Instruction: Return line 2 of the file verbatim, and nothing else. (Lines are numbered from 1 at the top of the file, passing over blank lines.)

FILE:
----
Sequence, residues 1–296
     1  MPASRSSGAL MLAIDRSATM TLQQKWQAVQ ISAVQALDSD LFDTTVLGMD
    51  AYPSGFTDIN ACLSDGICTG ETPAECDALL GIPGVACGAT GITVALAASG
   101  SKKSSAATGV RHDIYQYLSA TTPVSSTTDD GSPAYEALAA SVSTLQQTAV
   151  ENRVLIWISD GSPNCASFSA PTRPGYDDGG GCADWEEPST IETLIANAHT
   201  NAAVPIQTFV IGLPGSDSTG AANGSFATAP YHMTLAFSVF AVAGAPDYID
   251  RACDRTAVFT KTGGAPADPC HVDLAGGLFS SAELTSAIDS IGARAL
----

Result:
     1  MPASRSSGAL MLAIDRSATM TLQQKWQAVQ ISAVQALDSD LFDTTVLGMD